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ECE Colloquium Series – Professor Hye Yoon Park
February 14 @ 3:30 pm - 5:00 pm
As part of the *Eleanore Hale Wilson Lecture Series, ECE is proud to present:
Imaging Memory Traces in the Living Brain
Professor Hye Yoon Park
Seoul National University
Host: Professor Sang-Hyun Oh
One of the fundamental questions in neuroscience is to understand the mechanisms underlying memory encoding, consolidation, storage, and retrieval processes. Memories have been hypothesized to be encoded as enduring physical changes in the brain. The hypothetical physical substrate of memory is referred to as ‘memory trace’ or ‘engram’, which was first conceived by Richard Semon more than 100 years ago. However, until now, the nature of memory trace still remains elusive.
In my lab, we use multidisciplinary approaches to understand the dynamics of gene expression and their role in memory formation and consolidation in the living brain. Monitoring the transcription and localization of mRNA allows us to probe where and when the gene is activated and translated into proteins. Using a knock‐in mouse model in which the endogenous Arc mRNA is labeled with GFP, we found that calcium activity was necessary but not sufficient for triggering Arc transcription and that blocking neuronal activity did not affect the dendritic transport of newly synthesized Arc mRNAs. Two‐photon imaging of the live mouse brain revealed the immediate‐early induction of Arc transcription in subpopulation of neurons in the CA1 region of the hippocampus after contextual fear conditioning and fear memory retrieval. The technology as demonstrated in our work, including the transgenic strategy and high‐resolution microscopy of living tissue, will shed light on the dynamic regulation of gene expression during learning and memory processes in vivo.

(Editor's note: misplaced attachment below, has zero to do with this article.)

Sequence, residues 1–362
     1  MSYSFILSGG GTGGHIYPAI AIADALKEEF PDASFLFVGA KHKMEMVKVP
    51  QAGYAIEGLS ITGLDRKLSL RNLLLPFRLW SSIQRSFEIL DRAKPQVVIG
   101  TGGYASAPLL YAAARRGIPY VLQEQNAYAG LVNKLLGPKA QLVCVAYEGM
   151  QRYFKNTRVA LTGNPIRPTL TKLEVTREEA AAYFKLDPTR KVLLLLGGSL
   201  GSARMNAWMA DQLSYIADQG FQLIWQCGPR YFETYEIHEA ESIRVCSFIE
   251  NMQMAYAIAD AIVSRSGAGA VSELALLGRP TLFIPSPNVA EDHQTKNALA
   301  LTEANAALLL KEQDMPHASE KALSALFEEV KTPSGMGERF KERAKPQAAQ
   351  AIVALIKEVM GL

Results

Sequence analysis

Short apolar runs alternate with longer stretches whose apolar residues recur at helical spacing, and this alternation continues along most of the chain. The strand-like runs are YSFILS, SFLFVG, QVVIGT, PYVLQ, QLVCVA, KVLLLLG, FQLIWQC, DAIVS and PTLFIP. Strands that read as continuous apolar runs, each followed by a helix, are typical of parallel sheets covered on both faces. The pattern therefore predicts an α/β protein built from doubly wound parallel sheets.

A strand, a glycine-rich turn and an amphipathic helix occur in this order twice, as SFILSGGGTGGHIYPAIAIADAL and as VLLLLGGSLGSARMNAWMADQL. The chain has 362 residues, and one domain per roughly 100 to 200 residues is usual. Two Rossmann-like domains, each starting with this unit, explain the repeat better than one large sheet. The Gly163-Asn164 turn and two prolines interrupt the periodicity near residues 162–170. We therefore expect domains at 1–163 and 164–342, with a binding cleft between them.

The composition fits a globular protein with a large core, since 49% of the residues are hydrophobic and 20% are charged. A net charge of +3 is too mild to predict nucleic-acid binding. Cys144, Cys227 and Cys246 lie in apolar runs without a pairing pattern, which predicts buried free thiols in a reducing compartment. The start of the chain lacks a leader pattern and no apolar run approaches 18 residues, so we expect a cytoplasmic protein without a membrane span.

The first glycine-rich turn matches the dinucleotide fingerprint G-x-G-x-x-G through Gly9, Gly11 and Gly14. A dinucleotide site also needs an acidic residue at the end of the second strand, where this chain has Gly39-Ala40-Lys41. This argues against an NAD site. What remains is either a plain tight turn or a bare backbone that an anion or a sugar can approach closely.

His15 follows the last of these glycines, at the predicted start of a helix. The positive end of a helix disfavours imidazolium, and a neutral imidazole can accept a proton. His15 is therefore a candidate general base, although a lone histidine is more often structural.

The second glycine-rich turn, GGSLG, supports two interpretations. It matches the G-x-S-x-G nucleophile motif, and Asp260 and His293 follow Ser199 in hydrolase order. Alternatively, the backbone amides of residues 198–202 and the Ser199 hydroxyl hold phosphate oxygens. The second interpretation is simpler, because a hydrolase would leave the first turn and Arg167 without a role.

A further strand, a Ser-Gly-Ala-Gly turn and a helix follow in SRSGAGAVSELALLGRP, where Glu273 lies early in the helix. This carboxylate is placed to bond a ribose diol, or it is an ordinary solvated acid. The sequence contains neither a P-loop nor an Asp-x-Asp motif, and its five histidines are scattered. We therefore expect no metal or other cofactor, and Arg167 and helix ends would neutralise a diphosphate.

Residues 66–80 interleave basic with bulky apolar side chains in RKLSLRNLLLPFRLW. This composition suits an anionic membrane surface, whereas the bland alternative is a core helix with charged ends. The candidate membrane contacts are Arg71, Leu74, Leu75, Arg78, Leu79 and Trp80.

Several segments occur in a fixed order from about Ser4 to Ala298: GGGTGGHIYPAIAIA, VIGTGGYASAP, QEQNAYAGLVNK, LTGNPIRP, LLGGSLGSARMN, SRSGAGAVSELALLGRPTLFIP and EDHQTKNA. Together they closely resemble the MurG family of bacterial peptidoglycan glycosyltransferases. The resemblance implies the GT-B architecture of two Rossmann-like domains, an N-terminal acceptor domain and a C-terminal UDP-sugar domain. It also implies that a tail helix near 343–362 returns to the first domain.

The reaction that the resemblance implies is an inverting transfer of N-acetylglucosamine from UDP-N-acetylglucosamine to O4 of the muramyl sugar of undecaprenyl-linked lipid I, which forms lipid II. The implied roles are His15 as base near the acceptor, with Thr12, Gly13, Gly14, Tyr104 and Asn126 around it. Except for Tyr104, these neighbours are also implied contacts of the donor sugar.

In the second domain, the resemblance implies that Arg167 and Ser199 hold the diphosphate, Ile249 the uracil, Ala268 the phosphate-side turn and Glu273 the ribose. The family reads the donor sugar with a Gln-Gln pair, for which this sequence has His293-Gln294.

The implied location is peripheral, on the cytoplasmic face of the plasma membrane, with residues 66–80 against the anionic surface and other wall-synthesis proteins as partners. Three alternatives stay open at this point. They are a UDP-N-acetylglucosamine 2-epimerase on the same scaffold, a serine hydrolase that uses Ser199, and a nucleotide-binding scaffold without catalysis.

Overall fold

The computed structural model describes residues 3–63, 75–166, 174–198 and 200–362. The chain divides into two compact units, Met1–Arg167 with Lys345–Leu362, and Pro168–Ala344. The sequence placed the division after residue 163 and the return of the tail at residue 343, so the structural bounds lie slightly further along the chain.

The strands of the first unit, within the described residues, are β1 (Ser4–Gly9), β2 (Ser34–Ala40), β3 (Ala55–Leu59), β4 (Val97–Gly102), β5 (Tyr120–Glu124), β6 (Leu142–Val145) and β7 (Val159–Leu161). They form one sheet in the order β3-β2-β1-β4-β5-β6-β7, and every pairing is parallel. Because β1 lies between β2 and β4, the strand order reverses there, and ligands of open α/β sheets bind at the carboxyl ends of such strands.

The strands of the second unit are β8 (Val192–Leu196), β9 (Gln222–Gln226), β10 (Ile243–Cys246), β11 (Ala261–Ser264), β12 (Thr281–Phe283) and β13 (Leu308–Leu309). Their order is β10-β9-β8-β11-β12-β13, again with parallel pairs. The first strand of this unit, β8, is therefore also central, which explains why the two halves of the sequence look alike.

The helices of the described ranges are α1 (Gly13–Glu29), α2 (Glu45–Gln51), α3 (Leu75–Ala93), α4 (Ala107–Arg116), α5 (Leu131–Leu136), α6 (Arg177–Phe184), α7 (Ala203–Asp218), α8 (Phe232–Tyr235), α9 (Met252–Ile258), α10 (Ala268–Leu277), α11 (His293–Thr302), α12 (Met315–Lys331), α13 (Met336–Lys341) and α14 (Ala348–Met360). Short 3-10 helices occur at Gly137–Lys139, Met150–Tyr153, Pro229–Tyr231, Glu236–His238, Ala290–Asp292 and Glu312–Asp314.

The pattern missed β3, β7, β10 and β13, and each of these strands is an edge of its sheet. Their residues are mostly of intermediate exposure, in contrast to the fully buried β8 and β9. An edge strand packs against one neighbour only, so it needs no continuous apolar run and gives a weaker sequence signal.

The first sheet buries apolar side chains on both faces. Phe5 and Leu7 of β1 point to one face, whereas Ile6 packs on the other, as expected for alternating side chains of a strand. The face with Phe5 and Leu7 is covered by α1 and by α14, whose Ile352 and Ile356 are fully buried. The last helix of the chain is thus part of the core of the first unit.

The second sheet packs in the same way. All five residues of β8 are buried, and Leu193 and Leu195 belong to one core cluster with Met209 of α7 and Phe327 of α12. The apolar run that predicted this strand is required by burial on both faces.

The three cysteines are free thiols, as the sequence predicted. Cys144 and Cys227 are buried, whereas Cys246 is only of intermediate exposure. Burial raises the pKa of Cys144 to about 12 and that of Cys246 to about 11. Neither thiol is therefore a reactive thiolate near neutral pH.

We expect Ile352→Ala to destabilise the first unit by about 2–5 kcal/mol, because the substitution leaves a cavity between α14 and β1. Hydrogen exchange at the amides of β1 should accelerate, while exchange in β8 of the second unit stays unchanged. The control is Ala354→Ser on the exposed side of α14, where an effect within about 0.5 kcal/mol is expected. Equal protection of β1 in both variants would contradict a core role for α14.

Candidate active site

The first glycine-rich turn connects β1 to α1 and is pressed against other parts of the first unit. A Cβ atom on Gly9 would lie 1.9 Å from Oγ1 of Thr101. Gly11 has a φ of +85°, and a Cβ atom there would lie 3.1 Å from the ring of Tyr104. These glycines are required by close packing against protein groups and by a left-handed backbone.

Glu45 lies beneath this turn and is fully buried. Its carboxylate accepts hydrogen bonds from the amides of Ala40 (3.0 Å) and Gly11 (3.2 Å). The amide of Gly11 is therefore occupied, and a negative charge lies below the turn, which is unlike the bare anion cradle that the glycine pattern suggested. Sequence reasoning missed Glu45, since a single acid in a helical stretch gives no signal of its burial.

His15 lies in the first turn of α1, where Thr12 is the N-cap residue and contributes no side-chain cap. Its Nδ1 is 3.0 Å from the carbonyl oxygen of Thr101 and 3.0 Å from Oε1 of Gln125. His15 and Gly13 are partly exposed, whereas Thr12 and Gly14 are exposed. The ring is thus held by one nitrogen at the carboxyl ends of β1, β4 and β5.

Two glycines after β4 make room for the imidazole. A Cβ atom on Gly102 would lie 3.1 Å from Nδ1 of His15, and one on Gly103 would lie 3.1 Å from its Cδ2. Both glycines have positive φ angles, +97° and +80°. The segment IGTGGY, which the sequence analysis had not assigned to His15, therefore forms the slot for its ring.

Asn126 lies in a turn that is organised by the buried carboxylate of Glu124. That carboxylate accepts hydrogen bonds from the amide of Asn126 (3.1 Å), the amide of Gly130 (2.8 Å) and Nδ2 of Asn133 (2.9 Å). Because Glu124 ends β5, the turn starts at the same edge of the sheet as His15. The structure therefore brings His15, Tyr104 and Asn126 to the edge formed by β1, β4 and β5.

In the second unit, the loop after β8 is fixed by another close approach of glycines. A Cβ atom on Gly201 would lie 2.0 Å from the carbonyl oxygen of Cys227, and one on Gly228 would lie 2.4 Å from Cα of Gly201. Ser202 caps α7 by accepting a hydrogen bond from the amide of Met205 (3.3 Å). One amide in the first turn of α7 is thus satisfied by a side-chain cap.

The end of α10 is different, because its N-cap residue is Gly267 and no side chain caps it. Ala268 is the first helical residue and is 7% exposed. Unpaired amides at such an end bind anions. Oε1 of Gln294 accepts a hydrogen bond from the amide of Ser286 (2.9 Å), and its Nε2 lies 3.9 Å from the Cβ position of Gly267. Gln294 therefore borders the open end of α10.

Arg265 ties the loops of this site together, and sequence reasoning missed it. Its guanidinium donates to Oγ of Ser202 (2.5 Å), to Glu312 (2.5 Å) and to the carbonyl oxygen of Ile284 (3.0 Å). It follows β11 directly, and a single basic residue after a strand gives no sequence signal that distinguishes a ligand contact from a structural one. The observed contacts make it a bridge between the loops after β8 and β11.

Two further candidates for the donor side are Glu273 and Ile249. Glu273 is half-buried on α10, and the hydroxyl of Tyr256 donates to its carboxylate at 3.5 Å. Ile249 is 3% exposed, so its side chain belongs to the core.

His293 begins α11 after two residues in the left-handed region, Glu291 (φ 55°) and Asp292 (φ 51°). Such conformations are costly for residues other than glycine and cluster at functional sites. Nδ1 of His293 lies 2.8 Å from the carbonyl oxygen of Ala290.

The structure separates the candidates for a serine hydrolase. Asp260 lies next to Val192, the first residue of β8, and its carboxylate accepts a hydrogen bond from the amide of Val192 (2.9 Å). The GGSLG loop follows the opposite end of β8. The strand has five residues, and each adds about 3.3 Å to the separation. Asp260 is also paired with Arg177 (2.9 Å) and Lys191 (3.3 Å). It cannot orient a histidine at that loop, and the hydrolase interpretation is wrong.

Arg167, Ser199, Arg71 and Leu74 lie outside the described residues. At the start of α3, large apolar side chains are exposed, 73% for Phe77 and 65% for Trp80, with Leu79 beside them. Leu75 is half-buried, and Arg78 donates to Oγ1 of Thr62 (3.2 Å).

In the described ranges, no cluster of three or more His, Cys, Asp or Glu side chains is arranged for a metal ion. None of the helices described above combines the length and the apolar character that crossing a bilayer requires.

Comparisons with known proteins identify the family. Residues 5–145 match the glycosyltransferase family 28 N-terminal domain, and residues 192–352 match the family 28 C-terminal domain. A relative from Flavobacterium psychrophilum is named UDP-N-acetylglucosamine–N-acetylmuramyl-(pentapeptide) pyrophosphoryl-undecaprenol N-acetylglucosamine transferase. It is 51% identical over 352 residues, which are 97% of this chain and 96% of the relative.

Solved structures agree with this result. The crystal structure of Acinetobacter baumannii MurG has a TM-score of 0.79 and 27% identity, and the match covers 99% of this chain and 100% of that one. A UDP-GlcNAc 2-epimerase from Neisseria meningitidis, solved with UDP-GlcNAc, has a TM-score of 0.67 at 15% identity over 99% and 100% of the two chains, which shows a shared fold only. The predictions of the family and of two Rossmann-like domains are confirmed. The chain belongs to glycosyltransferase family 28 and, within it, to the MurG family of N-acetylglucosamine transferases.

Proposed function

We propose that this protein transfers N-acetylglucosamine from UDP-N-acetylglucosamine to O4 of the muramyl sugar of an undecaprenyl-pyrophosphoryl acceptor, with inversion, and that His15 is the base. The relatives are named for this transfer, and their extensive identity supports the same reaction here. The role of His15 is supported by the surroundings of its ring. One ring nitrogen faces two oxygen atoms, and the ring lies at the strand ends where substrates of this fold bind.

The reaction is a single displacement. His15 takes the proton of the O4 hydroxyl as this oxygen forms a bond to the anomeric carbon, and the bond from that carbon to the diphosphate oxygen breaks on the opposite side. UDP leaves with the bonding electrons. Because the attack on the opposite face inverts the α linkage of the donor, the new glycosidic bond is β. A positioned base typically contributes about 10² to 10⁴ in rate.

Prof. Hye Yoon Park received her B.S. in Physics from Seoul National University and her M.S. and Ph.D. in Applied Physics from Cornell University. For her M.S. degree, she developed microfabrication processes for polymeric microfluidic devices in Prof. Harold G. Craighead’s group. During her Ph.D. research under the guidance of Prof. Lois Pollack and Prof. Watt W. Webb, she developed a laminar flow mixer for kinetic studies of protein and RNA folding on a microsecond time scale. She performed postdoctoral research in the laboratory of Prof. Robert H. Singer at Albert Einstein College of Medicine as an NIH Ruth L. Kirschstein National Research Service Award (NRSA) Postdoctoral fellow. During the postdoctoral training, she generated new mouse models for single RNA imaging in live cells and tissues. Prof. Park established her independent laboratory at Seoul National University in 2014. She received the Howard Hughes Medical Institute‐Wellcome Trust International Research Scholar Award in 2017.
*Established in 2009, the Eleanore Hale Wilson Fund supports engineering field leaders for travel to Minnesota to share their expertise and discoveries with University of Minnesota graduate students, faculty, and alumni. The fund also supports the receptions held in honor of each speaker.